What are the Impacts of Stress and Overtime on Healthcare Workers?
Jul 6, 2020 4:56:00 PM
Long hours, physically taxing work, and hazardous working conditions all contribute to increasing workplace stress and undermining healthcare employee performance. What are the consequences on the well-being and performance of employees hospital-wide?
Organizations like hospitals and care institutions that require around-the-clock shifts (which often involve stressful work) can benefit from taking precautionary measures to keep workplace stressors at a minimum and mitigate a myriad of unfortunate situations that can arise from them.
In an article published in CMAJ, the authors assess high job stress to be most strongly associated with having too great a volume of work, having inadequate staffing to do the job properly, feeling under pressure to make deadlines, having conflicting demands on time, and having home life disrupted because of long working hours.
As a social concept, productivity requires a mentality of progress, along with the desire to improve a current situation. Productive nurses will be enthusiastic about facing challenges and developing new skills. They will also take the initiative, show leadership skills, and solve problems with creative thinking.
On the other hand, staff members who continually face stressors while performing their work are unlikely to be productive or have the motivation to improve their skill sets. The same goes for employees with low energy levels due to long work hours and closely scheduled shifts. Low productivity is often a symptom, showing that employee morale and efficiency are compromised and that proactive actions should be taken to change certain parameters within the working environment.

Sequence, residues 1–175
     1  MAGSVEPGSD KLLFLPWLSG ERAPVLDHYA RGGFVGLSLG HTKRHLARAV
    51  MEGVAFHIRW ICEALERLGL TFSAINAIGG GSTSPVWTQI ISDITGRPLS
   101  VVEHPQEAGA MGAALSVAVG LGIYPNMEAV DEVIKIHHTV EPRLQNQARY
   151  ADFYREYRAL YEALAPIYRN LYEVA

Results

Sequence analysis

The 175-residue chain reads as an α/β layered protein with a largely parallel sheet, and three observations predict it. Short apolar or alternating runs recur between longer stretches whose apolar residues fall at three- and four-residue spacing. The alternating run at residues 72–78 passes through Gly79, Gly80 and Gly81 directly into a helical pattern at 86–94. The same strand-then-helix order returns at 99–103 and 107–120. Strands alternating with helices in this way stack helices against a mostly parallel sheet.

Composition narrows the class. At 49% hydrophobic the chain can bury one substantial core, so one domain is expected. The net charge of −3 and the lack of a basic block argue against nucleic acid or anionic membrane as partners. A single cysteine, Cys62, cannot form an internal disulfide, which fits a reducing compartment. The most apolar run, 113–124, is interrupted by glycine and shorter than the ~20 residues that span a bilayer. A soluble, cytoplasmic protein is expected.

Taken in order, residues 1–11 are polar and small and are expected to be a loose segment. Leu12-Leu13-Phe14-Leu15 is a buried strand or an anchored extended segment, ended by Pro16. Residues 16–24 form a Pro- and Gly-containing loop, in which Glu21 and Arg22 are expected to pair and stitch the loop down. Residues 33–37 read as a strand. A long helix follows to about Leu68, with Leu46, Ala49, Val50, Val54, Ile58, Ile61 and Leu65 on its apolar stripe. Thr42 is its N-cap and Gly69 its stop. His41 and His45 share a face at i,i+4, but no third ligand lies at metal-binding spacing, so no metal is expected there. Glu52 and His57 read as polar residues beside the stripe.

This concept is not recent. In 1985 P.K. Wilke et al. published “Stress and Productivity: Evidence of the Inverted U Function”. They suggest an optimum level of stress is required to maximize performance but once passed the threshold, productivity decreased.
Increase in Absenteeism
It was reported by C.L Cordes and T.W. Dougherty that stress and burnout are associated with negative organizational outcomes such as absenteeism and high staff turnover rates. If employees believe that being at work will add to their existing stress, they will feel disengaged from work and try to stay away. Additionally, chronic stress can cause a wide range of health conditions, including anxiety, depression, cardiovascular issues, and gastrointestinal problems. Employees who suffer from these illnesses are also likely to call in sick more frequently, meaning an increased workload (and therefore stress level) for the other employees, which ultimately increases the pool of absent employees Unfortunate consequences linked to absenteeism include lower staff productivity, an unequal workload distribution amongst the remaining employees, as well as an increase in administrative and labour costs due to the increased number of shifts that need to be filled for absent employees.
Lack of Focus
Working in high-intensity environments, nurses must maintain high levels of vigilance throughout their shifts. A person who is over-tired or under stress will struggle to focus on the task at hand, which may endanger them, their colleagues, and potentially the patients under their care. Lack of focus and procrastination are both issues deeply rooted in the heart of employees facing difficult or stressful situations. Nurses should be able to focus their attention on the work ahead of them and direct all their attention towards a single priority.
In a study based in Ontario, researchers observed that the hospital staff had an increased use of distraction to cope with stress.
High Risk of Errors